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This article in CS

  1. Vol. 35 No. 5, p. 1461-1467
    Received: Jan 18, 1995

    * Corresponding author(s): xxdela@ccmail.monsanto.com
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Yield Evaluation of a Glyphosate-Tolerant Soybean Line after Treatment with Glyphosate

  1. X. Delannay ,
  2. T. T. Bauman,
  3. D. H. Beighley,
  4. M. J. Buettner,
  5. H. D. Coble,
  6. M. S. DeFelice,
  7. C. W. Derting,
  8. T. J. Diedrick,
  9. J. L. Griffin,
  10. E. S. Hagood,
  11. F. G. Hancock,
  12. S. E. Hart,
  13. B. J. LaVallee,
  14. M. M. Loux,
  15. W. E. Lueschen,
  16. K. W. Matson,
  17. C. K. Moots,
  18. E. Murdock,
  19. A. D. Nickell,
  20. M. D. K. Owen,
  21. E. H. Paschal,
  22. L. M. Prochaska,
  23. P. J. Raymond,
  24. D. B. Reynolds,
  25. W. K. Rhodes,
  26. F. W. Roeth,
  27. P. L. Sprankle,
  28. L. J. Tarochione,
  29. C. N. Tinius,
  30. R. H. Walker,
  31. L. M. Wax,
  32. H. D. Weigelt and
  33. S. R. Padgette
  1. Monsanto Co., 700 Chesterfield Parkway N., St. Louis, MO 63198
    Purdue Univ., West Lafayette, IN 47906
    Jacob Hartz Seed Co., Stuttgart, AR 72160
    Asgrow Seed Co., Kalamazoo, MI 49002
    North Carolina State Univ., Raleigh, NC 27695
    Univ. of Missouri, Columbia, MO 65211
    Louisiana State Univ. Agric. Center, Baton Rouge, LA 70803
    Virginia Polytechnic Institute and State Univ., Blacksburg, VA 24061
    Mississippi State Univ., Stoneville, MS 38776
    Univ. of Illinois, Urbana, IL 61801
    Ohio State Univ., Columbus, OH 43210
    Univ. of Minnesota, Lamberton, MN 56152
    Clemson Univ., Clemson, SC 29634
    Iowa State Univ., Ames, IA 50011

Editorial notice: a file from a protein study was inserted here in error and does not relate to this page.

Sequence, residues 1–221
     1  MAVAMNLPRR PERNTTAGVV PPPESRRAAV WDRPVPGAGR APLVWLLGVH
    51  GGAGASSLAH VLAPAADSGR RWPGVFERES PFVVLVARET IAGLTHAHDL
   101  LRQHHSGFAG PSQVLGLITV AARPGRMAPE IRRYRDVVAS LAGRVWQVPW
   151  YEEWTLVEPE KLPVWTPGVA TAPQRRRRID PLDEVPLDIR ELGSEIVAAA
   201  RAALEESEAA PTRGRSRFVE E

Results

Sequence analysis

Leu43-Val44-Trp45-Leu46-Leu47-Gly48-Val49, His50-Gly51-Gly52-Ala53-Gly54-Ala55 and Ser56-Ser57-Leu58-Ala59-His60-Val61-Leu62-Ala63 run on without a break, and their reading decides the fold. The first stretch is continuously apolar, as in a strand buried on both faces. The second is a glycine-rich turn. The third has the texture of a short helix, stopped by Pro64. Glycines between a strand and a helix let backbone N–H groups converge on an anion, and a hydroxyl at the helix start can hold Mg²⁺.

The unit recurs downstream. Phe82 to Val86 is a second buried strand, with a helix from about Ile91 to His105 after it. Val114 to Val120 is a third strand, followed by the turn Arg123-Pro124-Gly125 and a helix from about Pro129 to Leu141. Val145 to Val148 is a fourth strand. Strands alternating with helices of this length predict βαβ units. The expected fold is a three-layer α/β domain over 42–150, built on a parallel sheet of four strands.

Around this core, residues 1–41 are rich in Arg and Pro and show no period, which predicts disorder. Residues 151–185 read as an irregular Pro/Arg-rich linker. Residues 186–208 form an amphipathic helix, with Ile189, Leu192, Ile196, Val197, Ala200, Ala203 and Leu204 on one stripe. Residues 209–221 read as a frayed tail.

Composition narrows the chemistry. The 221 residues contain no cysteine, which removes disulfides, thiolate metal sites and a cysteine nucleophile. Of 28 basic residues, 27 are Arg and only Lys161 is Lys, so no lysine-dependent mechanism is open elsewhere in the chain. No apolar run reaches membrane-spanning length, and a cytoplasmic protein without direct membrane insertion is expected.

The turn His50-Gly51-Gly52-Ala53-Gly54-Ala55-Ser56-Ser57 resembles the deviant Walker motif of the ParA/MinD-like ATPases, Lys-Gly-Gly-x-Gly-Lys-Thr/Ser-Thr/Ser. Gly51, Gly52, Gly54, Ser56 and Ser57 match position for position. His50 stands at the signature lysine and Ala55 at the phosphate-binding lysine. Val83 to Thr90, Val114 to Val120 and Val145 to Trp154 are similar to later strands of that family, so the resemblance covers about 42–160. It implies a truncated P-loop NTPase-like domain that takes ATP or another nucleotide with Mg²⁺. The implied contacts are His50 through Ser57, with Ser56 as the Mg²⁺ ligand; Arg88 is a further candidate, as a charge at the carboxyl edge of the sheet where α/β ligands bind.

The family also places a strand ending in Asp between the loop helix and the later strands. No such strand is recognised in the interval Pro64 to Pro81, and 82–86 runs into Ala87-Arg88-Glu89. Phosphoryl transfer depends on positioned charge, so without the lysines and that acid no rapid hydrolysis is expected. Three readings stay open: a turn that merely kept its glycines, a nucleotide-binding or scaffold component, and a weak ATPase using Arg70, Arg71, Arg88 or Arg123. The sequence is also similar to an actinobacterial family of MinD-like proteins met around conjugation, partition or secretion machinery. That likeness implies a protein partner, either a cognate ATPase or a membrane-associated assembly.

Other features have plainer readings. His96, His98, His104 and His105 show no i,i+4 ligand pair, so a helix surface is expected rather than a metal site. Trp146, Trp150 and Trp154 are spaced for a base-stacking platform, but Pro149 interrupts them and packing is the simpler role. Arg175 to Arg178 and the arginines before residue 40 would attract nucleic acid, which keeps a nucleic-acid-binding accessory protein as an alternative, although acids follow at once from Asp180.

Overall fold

Univ. of Nebraska, Clay Center, NE 68933
    Auburn Univ., Auburn, AL 36849



Transformation of soybean [Glycine max (L.) Merr.] with a gene encoding a glyphosate-tolerance 5-enolpyruvylshikimate-3-phosphate synthase enzyme from Agrobacterium sp. strain CP4 resulted in the development of glyphosate-tolerant line 40-3-2. Glyphosate (N-phosphonomethyl glycine) is the active ingredient of Roundup herbicide. Line 40-3-2 was yield tested at 17 locations in 1992,23 locations in 1993, and 18 locations in 1994. At those locations, broadcast applications of glyphosate at various rates were made over 40-3-2 or its derivatives from early vegetative growth to pod fill. No significant yield reduction was observed as a result of the glyphosate treatment at any of the locations. Development of glyphosate-tolerant soybean promises to provide the farmer with access to a new weed control system that should result in lower production costs and reliable weed control under a wide range of conditions.

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Copyright © 1995. Crop Science Society of America, Inc.Copyright © 1995 by the Crop Science Society of America, Inc.